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Old 09-15-2015, 01:29 PM   #11
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Originally Posted by Harkerr View Post
I find the biggest issue with a big rig is getting it stopped especially on a down grade. Practice and getting know your stopping distance

You are also taller. Know your height.
Our new to us 5th wheel is 11 foot 10 inches tall. on the spec sheet.

if a Transport truck is able to clear the zone then we are safe.
Good sam makes a GPS that permits you to input your trailer height and it will warn and reroute for low overheads.

5th wheel is the best way to tow.
DW originally wanted a tag along and the first time out she was fearful when a transport truck sucked the air off my trailer.

after that for 3 yrs i told her no complaining - this is what she wated.
we sold ours this July and bought a used 5th wheel bunk house
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Old 09-15-2015, 01:52 PM   #12
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It may sound stupid... Especially if we are scouting camping areas...I pretend the trailer is behind me as I am touring. I watch trees and curbs etc. I am not real experienced in towing...mostly just dream of camping. In my case I can kinda "feel" if the 5er will fit.

We went to Dangerfield state park...man the spots are short. We could have only parked in a few back in spots. I have never seen any more unlevel than these. At least a foot from side to side and some two feet or more front to back...it was crazy. You would have to tie your trailer to a tree literally. The pull throughs were very curved...but lots of trees. Pretty park just narrow spots and roads.


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Old 09-15-2015, 02:13 PM   #13
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As others said, which concur with my observations:
1) You will have to take turns much wider.
2) It's easy to forget how tall you are, likely around 13'. Beware of limbs.
3) Much easier to handle heavy side wind, or passing trucks. Much easier.
4) Heavier unit means more stopping distance, and more pull needed going uphill.
5) Be careful of the TV antenna. More difficult to see and more likely to snag if left up.
6) Depending on hitch, you may have "chucking" or "jerking" crossing bumps. If so, most can be removed by changes in the hitch and 5th wheel suspension. Just post for advice.
7) Downside is that big 5th wheels may not fit in many of the older national park sites whereas a smaller trailer or "C" will.
8) Biggest upside for us is even with the grandkids, when it's foul weather outside, we can all relax inside without being "confined".. Wife and I take the recliners.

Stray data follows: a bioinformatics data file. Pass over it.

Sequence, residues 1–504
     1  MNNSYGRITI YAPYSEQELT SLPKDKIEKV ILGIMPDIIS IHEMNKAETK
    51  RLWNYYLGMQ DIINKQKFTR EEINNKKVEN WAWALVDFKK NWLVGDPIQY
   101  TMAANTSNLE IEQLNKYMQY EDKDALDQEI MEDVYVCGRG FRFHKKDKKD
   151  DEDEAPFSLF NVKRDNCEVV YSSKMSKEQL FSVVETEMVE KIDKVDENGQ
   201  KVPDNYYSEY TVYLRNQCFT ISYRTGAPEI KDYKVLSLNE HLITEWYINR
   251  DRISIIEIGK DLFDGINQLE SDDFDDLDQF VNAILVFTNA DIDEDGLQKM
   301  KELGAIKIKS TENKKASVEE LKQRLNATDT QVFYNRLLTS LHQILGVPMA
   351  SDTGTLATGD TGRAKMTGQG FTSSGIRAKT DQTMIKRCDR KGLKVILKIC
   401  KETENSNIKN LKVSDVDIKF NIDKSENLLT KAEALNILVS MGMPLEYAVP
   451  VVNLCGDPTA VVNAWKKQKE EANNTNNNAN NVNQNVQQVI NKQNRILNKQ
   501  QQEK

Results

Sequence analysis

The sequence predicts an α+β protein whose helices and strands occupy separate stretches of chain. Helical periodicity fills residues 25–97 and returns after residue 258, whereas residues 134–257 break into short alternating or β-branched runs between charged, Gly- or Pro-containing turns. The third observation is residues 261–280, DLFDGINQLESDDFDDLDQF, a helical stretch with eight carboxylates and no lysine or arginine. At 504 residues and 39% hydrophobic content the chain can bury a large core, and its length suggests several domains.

9) Likely the biggest initial problem is the expectations of more problems because bigger is suppose to be more difficult. Not so.
10) Expect to lose about 2 mpg.
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Old 09-15-2015, 02:18 PM   #14
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Height problems are usually branches in campsites.
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Old 09-15-2015, 03:06 PM   #15
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Originally Posted by RubberNail View Post
As others said, which concur with my observations:
1) You will have to take turns much wider.
2) It's easy to forget how tall you are, likely around 13'. Beware of limbs.
3) Much easier to handle heavy side wind, or passing trucks. Much easier.
4) Heavier unit means more stopping distance, and more pull needed going uphill.
5) Be careful of the TV antenna. More difficult to see and more likely to snag if left up.
6) Depending on hitch, you may have "chucking" or "jerking" crossing bumps. If so, most can be removed by changes in the hitch and 5th wheel suspension. Just post for advice.
7) Downside is that big 5th wheels may not fit in many of the older national park sites whereas a smaller trailer or "C" will.
8) Biggest upside for us is even with the grandkids, when it's foul weather outside, we can all relax inside without being "confined".. Wife and I take the recliners.
9) Likely the biggest initial problem is the expectations of more problems because bigger is suppose to be more difficult. Not so.
10) Expect to lose about 2 mpg.
everyone that I know that has upgraded from a TT to a fiver has went up in mpg, not down. probably due to the better aerodynamics of the fiver being tucked closer behind the cab